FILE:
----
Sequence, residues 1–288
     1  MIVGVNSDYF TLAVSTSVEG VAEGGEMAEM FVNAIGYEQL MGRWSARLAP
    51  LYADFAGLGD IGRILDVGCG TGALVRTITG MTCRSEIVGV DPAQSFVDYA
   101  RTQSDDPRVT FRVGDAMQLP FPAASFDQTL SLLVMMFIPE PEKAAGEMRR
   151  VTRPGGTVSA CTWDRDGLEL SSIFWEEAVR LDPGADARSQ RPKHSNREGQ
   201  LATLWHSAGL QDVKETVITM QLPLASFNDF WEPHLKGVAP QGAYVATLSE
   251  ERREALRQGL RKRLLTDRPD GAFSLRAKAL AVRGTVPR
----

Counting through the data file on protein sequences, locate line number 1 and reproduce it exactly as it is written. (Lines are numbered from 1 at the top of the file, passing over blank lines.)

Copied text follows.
Sequence, residues 1–288